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The world is getting better and better every year – not going to hell in a handbasket. See here for proof.
A procession of authors have marshalled the evidence for long-term global progress in landmark books published over the past decade. While they differ somewhat in their diagnosis of its causes, they all conclude with optimism about our ability to overcome future challenges and the belief that the century ahead could be humankind’s best ever.
One of my inspirations for writing In Fact was the international bestseller Factfulness – Ten Reasons We're Wrong About the World and Why Things Are Better Than You Think. It’s an easy-to-read primer on positive progress that prompted me to start seeking out the data for Ireland. The book was mainly written by Swedish health professor Hans Rosling, although he sadly did not live to see it become such a success – his son and daughter-in-law completed the book and had it published.
In his public speaking, Rosling liked to ask his audiences multiple choice questions about the state of the world with three possible answers. Although a random guess would result in one-third of the audience getting the right answer, he demonstrated that people overwhelmingly opted for the more pessimistic worldview and far less than a third responded correctly – a poorer performance than even monkeys would achieve, Rosling liked to point out!
The book is so accessible, and the data so convincing, that Bill Gates offered a free copy to every American graduating student in 2018.
Canadian-American psychologist Steven Pinker’s Enlightenment Now offers a more academic analysis of human progress, touching on the cognitive psychology that limits our appreciation of it. It’s a far denser read – with 70 pages of endnotes and reference texts, for example – but it is masterfully comprehensive.
Pinker attributes advancement to the embrace of the core principles of the 17th and 18th century Enlightenment: reason, science and humanism. He argues for a recharged Enlightenment for the twenty-first century, whereby we deploy reason and sympathy to overcome the problems facing humankind today.
Historian and economist Deirdre Nansen McCloskey has authored an epic economic, historical and literary series – the Bourgeois era trilogy – that explores global economic development over the course of 2,000 pages! She has christened the increase in economic wealth experienced by the average person over the past two centuries as the “great enrichment”. By her calculation, that increase has exceeded 3000%.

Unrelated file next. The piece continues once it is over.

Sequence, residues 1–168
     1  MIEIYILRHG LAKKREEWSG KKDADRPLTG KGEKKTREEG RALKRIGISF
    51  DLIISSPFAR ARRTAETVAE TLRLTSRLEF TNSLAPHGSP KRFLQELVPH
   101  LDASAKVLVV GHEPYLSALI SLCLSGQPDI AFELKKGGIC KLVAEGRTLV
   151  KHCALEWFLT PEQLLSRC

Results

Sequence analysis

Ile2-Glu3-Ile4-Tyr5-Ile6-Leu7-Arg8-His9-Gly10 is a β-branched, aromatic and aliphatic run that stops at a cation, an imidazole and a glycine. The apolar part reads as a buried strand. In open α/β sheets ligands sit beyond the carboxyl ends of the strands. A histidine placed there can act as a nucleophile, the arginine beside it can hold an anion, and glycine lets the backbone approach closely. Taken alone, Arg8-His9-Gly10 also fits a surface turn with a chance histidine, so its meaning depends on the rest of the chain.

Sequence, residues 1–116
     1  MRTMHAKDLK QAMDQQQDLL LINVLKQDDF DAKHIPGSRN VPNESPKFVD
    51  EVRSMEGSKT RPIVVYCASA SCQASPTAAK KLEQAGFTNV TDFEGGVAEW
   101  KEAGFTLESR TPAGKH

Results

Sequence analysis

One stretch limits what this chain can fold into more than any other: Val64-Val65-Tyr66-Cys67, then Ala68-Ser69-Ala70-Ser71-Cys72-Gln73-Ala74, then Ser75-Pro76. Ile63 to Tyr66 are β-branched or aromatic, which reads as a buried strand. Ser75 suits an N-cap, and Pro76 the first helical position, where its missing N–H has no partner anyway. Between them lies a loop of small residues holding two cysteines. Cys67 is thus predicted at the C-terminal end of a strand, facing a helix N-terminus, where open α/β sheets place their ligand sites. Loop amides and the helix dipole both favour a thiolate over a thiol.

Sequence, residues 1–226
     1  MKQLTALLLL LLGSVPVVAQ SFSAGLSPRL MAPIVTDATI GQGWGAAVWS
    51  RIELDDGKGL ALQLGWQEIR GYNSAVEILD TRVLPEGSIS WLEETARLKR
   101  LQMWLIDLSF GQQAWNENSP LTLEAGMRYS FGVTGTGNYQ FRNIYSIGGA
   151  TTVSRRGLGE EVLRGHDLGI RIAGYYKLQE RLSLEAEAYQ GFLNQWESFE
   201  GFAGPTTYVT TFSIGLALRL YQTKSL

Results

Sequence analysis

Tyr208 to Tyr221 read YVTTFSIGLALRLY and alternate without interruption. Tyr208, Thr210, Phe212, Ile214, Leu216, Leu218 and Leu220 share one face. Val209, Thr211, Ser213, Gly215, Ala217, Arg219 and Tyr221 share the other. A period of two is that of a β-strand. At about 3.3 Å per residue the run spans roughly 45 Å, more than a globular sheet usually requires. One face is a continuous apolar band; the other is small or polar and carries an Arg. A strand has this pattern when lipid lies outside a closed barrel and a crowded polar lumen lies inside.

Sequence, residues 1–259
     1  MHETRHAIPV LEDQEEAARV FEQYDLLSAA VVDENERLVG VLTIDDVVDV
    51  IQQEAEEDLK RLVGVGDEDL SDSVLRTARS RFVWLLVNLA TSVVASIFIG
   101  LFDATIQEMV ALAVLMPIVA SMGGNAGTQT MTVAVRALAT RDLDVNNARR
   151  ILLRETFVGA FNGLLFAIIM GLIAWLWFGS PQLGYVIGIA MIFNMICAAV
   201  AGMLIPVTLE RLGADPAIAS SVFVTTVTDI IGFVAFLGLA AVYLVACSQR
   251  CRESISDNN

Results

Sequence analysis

McCloskey attributes this astonishing gain to economic liberty and social dignity. It is the reward from allowing ordinary people to have a go at innovating and striving for personal advancement. The good news is that you don’t have to read the full series – her ideas are distilled into a very readable 190 pages in Leave Me Alone And I’ll Make You Rich, written with Art Carden. It’s a fun book with the authors’ on-page banter making this an easy page turner.
If you prefer books with sweeping history over data then historian Johan Norberg’s Open – The Story of Human Progress might be the volume for you. Norberg maintains that it has been humanity’s embrace of openness that has been the key to our success. The freedom to explore and exchange goods, ideas and people has led to achievements in science, technology and culture that have resulted in us living in a time of unprecedented wealth and opportunity.
My own analysis similarly contends that Ireland’s positive embrace of openness has been a key success factor in attaining our high quality of life.
Journalist Matt Ridley was one of the pioneers in this area, publishing The Rational Optimist back in 2010. He argues that the human tendency to trade goods and services, together with increasing specialisation as human civilisation has developed, is the source of modern prosperity and progress. His argument holds up strongly today, even if some of the figures in the book are becoming a bit dated.
I met Matt when he addressed a conference hosted by Google in their Dublin HQ. Even though we found ourselves in the home of one of the masters of our digital universe, we shared the consoling thought that at least people were still reading books!
You can buy any or all of these titles from your favourite bookseller. They will all challenge your worldview and repay your interest with interest.
Read my opinion piece from The Irish Times
An overview of Ian Dunt’s book and his “six lies of nationalism”